A quick Google search told me that, on average, Americans spend $150-250 a week to feed a family of four; I know families that spend that in one Costco trip and STILL have to visit another grocery store for non bulk items. When my children were younger, I was able to feed them on fifty dollars a week, but it wasn’t the healthiest menu and their appetites grew just as fast as they have. After years of strategic planning, I learned how to calculate a grocery budget for a family of six, that healthy eating can be affordable, and how to consistently feed my family at home without tiring myself out.
Determine Your Price
Current Spending: Start by looking at how much you currently spend on food. Create a log and track your trips to the grocery store, or if you don’t use cash, look it up on your bank statement. Tally up how much you spend on groceries AND eating out for one week (yikes!). Set a goal for how much you want to decrease it by and adjust only as needed (example, a $50 budget was unrealistic), not because of lack of effort.
Price Per Meal: Next, determine how much it costs to feed your family one meal at a fast food restaurant. Your goal should be to work that number down. While a 50% savings may sound good to some, understand that the majority of fast food costs come from convenience, so be ambitious and aim to cut your cost per meal by 75%! Trust me, if you keep reading, you’ll understand how this can be achieved.
I use fast food costs for two reasons:
- We think these places offer cheap food. Using this number as the “standard” for what you think a meal should cost your family helps you see that you can provide them something more valuable at home for less money.
- Everyone’s family dynamic/stomachs/nutrition/diets are different. Setting a “X” amount of dollars for one family of four kids under the age of five would not be helpful to another family with vegan athlete teenagers. Budgets and needs vary family to family.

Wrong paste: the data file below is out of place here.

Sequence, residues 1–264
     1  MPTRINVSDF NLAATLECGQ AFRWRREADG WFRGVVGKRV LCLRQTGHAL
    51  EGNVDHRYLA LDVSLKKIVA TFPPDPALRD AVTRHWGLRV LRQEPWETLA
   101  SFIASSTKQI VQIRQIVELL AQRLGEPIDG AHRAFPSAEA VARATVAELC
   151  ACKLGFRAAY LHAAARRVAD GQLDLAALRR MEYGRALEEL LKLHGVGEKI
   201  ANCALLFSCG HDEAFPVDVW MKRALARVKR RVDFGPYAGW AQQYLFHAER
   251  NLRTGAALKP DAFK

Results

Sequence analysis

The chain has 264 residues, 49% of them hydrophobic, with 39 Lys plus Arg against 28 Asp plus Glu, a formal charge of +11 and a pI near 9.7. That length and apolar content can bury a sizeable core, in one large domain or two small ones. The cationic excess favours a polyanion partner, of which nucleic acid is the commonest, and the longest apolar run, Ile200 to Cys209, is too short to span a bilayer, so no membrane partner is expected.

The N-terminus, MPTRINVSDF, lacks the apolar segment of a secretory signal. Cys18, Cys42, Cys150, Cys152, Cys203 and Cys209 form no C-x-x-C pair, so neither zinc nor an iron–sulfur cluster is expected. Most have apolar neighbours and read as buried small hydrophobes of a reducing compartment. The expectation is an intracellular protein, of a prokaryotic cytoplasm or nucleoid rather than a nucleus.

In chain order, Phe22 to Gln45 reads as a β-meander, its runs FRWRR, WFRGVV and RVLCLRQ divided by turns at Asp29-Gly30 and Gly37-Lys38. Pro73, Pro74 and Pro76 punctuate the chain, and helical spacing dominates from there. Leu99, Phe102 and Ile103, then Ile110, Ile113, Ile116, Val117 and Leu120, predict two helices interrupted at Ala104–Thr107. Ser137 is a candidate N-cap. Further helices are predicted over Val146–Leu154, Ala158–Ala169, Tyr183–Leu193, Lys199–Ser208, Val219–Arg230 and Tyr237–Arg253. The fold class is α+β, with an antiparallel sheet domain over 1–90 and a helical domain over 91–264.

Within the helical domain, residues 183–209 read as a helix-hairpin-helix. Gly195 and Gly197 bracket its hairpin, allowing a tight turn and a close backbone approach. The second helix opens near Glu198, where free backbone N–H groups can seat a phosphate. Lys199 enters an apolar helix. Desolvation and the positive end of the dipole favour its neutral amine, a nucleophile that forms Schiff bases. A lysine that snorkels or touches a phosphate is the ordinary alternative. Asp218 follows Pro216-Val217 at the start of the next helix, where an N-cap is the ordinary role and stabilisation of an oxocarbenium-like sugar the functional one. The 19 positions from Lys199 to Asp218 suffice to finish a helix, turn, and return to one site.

For our family of six, it costs us $30-35 to eat out at McDonalds; $10 Dad (value meal + dollar menu items), $5 Mom (usually a salad and coffee), $6 for our oldest son (value meal), and $4 Happy Meals for the three younger kids. My price per meal should be $8.25 which would give me a grocery budget of $115/week if we packed our lunches, ate from home all week, and not including breakfast. Currently, I aim for $5-6 a meal, we pack lunches, and I cook dinner 5-7 days on a grocery/household items budget of $125/week.
Change Your Shopping Habits
Shop Sales: Most grocery store sales (with the exception of Target and Walmart) start Wednesday and end the following Tuesday. Online versions of sale ads are available to view late Tuesday/early Wednesday. Every Wednesday morning I look at the ads of my local grocery stores and list the best deals. I do not shop at EVERY store, I simply compare prices to see where my time would be best spent when it comes time to shop for that week’s groceries.
- Produce: Save money on fruits and vegetables by only buying what is in season, which is usually offered at $1 lb/unit.
- Protein: Meats also go through sale cycles, and can be strategically shopped for. Prices drop on seafood before/during Lent, corned beef for St Patricks Day, ham for Easter, etc. When shopping, keep an eye out for Manager Specials, they are packages of meat that are meant to be consumed in the next day or so and are generously discounted!